Loretta Lynn didn't write 'Blue Kentucky Girl,' but composer Johnny Mullins couldn't have come up with a more appropriate song. The singer who made her Kentucky birthplace of Butcher Holler famous recorded tit as the first single from the Decca album of the same name, and the 45 was already climbing the country charts when the LP was released on 14 June, 1965.
Lynn, by then 30, had made her initial country singles chart appearance back in 1960 with 'I'm A Honky Tonk Girl,' and had her first top ten hit in that format with 'Success' two years later. Billboard didn't introduce a country album chart until January 1964, but when they did, Loretta appeared in its very second week, when Loretta Lynn Sings made its debut.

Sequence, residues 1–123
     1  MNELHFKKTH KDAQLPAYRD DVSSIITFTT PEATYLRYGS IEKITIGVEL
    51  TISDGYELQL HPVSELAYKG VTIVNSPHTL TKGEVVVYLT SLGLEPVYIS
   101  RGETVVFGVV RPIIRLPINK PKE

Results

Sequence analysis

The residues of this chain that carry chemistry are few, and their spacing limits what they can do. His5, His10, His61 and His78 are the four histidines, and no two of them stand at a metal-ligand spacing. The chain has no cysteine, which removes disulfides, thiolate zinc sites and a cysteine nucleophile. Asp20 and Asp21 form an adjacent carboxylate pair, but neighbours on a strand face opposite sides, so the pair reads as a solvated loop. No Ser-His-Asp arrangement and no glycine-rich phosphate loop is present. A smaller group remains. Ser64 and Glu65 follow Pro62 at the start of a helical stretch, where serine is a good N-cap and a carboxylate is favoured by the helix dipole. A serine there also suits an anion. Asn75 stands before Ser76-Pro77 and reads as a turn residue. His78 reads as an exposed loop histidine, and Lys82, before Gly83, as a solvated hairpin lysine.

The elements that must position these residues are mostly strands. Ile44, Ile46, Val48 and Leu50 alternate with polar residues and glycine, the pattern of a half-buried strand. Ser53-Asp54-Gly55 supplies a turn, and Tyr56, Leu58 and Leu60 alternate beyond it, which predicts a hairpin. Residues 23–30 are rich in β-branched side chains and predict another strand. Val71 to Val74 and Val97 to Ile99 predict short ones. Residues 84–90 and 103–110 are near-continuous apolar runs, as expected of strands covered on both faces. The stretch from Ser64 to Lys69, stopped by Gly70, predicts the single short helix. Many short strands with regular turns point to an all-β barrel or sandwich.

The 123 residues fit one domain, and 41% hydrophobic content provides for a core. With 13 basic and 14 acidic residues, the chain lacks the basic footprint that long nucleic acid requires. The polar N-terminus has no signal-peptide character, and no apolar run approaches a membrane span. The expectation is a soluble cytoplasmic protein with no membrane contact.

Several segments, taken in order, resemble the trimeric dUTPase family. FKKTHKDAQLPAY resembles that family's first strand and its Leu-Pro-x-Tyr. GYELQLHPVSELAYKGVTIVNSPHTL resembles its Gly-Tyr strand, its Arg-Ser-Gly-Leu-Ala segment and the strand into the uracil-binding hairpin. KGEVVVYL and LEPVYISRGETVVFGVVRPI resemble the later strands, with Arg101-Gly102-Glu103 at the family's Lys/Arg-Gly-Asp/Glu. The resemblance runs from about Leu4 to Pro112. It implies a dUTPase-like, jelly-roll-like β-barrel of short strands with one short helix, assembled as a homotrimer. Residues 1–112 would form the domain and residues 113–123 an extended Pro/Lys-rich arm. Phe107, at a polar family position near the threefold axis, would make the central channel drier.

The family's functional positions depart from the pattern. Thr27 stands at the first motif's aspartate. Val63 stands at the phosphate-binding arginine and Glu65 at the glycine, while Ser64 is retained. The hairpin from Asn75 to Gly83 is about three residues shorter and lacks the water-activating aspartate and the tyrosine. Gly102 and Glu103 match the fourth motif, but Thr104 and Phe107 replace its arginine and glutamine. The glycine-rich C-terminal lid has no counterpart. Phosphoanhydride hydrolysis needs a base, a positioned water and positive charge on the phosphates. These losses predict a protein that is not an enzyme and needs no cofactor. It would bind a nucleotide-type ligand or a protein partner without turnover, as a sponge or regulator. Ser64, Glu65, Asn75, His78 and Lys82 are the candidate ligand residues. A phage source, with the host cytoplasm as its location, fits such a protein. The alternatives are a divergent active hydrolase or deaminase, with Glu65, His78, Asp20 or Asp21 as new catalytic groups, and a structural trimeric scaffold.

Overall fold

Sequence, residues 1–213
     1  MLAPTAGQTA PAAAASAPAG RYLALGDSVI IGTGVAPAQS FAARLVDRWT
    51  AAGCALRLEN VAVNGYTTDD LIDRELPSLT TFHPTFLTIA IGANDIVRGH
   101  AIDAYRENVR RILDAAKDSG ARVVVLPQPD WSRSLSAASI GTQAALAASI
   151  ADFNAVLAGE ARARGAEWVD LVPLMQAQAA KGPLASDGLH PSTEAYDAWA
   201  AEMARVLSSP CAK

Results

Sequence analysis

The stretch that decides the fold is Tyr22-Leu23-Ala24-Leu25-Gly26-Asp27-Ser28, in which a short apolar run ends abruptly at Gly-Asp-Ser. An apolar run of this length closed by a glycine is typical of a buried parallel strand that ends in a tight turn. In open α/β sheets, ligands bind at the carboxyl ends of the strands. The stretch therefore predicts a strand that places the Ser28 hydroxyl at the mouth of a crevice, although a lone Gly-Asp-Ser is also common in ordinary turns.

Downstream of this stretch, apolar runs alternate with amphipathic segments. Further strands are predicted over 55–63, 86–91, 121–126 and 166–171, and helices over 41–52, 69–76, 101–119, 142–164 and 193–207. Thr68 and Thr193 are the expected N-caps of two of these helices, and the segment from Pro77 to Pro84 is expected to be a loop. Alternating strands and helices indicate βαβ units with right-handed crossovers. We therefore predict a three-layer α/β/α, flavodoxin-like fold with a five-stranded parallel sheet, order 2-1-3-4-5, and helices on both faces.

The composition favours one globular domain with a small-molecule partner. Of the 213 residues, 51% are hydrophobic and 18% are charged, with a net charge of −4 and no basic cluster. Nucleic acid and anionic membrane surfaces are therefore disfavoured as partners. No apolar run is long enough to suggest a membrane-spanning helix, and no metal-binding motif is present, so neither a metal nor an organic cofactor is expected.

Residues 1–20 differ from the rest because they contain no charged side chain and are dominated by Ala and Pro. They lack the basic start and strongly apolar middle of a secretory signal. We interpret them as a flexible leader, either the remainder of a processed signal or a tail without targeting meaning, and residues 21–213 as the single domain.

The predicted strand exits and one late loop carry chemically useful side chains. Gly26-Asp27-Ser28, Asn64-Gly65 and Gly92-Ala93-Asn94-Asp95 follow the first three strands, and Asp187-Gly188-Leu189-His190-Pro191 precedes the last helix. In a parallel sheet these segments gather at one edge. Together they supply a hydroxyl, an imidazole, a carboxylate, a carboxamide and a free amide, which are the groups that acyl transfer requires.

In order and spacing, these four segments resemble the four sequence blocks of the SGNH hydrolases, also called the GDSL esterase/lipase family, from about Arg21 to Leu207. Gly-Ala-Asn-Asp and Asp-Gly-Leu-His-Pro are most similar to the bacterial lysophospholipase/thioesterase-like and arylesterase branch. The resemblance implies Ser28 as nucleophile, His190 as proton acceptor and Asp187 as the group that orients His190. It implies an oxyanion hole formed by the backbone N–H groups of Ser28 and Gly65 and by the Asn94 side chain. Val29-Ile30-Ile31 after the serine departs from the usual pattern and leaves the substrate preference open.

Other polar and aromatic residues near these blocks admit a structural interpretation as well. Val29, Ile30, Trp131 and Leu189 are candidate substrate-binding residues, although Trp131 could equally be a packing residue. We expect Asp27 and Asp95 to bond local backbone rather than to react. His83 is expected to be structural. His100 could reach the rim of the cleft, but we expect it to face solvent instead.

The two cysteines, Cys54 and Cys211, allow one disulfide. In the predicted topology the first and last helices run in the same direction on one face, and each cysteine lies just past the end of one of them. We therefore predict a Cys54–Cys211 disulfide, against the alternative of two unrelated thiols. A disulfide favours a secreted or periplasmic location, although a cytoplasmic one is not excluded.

That album spent no fewer than nine weeks at No. 2, followed by a No. 11 entry with Before I'm Over You and No. 8 ranking for Songs From My Heart. Then came Blue Kentucky Girl, fuelled by the title hit and including a cover of Johnny Cash's 'I Still Miss Someone' as well as songs by Harlan Howard, Hank Thompson and others. There was also a remake of George Jones' hit of the year before, 'The Race Is On,' written by Don Rollins.
As Lynn established her reputation as a determinedly independent woman of country music, she had credits on four of the album's 12 songs, two as co-writes and two solo. With Teddy Wilburn, she composed 'Night Girl' and 'Love's Been Here and Gone,' and, on her own, came up with 'Farther To Go' and 'Two Steps Forward.'
The album spent eight weeks on the country survey and reached No. 14, before Loretta moved swiftly to her next project, a duets album with veteran Ernest Tubb. That set provided a hit single in the shape of its title track, 'Mr. And Mrs. Used To Be.' But a country generation later, Emmylou Harris was inspired to cover 'Blue Kentucky Girl' and make it the title song of her 1979 album.
Listen to Loretta Lynn's Blue Kentucky Girl on Spotify